As the House of Representatives begins its discussion on the controversial Cyber Intelligence Sharing and Protection Act (CISPA), lawmakers must be mindful of the numerous privacy concerns raised by the bill in its current form. The goal of CISPA is to increase security online and make it easier to identify potential cyber threats, but such reform must be tackled in an open manner that preserves certain civil liberties guaranteed to all Americans.
Yesterday, the House Rules Committee refused to even consider a number of amendments to the bill that would have gone a long way to alleviate some of these concerns. For example, if the bill focused on de-identified aggregate data, instead of personal information, CISPA could be meaningful legislation. That hasn’t happened, despite all the last minute amendments.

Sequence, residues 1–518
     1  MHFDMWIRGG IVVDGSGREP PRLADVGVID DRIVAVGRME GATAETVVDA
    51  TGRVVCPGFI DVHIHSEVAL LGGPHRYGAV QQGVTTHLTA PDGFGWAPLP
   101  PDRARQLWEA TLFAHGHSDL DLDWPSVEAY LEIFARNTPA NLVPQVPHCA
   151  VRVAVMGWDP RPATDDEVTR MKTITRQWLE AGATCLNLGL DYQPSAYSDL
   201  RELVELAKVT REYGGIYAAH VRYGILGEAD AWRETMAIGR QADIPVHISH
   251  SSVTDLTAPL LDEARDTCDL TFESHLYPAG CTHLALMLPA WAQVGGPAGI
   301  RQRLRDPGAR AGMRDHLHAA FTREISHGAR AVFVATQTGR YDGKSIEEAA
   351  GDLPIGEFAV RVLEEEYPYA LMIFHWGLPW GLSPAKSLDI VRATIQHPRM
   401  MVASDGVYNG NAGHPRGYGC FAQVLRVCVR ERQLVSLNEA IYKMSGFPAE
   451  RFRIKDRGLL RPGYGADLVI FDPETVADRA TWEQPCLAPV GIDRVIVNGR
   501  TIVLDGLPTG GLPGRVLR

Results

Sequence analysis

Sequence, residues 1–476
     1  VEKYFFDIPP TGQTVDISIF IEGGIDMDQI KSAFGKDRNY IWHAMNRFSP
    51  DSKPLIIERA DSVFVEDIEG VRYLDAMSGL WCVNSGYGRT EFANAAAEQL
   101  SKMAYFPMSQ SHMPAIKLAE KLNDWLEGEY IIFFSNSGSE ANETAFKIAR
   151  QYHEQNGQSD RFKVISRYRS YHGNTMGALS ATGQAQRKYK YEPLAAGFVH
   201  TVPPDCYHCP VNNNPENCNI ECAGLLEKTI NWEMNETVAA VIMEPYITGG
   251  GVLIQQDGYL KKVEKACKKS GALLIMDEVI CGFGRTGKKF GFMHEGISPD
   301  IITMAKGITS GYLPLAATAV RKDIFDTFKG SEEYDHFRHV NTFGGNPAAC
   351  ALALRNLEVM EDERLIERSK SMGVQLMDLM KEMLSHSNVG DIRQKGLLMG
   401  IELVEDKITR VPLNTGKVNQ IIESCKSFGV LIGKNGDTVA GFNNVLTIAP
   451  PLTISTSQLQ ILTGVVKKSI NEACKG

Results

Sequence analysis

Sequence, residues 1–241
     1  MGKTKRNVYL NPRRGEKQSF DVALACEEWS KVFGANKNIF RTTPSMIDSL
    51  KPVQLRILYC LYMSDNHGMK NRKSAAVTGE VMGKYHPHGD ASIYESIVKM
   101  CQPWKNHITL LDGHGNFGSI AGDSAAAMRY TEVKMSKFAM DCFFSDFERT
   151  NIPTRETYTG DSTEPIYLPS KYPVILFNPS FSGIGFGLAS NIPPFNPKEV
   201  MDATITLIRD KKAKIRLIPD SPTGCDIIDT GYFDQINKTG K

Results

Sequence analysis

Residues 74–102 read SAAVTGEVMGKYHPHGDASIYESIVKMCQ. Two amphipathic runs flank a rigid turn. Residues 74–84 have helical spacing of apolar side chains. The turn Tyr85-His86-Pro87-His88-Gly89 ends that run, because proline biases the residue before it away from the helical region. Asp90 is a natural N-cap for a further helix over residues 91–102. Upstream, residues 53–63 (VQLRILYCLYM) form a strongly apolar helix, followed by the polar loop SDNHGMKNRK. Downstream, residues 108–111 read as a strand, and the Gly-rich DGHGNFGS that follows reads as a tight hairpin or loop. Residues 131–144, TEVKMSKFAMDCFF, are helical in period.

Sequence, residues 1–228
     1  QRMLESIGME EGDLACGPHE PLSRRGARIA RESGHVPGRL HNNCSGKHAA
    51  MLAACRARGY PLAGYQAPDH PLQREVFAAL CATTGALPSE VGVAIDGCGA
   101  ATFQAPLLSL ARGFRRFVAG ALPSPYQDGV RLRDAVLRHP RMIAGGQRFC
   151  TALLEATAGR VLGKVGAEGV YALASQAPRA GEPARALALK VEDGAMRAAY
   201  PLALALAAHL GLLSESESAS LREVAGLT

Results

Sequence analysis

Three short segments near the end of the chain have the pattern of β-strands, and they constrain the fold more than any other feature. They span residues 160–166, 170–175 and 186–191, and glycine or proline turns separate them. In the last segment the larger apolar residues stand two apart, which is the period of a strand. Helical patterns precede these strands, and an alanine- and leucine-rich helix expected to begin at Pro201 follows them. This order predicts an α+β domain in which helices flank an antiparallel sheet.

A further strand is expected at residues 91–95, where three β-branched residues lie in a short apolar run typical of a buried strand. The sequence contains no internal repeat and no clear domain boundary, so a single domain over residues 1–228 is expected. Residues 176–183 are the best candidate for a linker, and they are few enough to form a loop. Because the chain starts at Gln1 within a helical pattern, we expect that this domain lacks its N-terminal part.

The House Intelligence Committee passed CISPA in a closed door hearing last week. Any discussions on privacy and accessibility must be transparent and include all stakeholders involved in the process to build consensus.
Earlier this week, the White House issued a threat to veto CISPA if it passes the House over privacy concerns. Thousands of groups and individuals have spoken out against this legislation. The i2Coalition urges members of Congress to reject CISPA in its current form. If you share our privacy concerns, contact your Representative today and ask him/her to vote no on CISPA!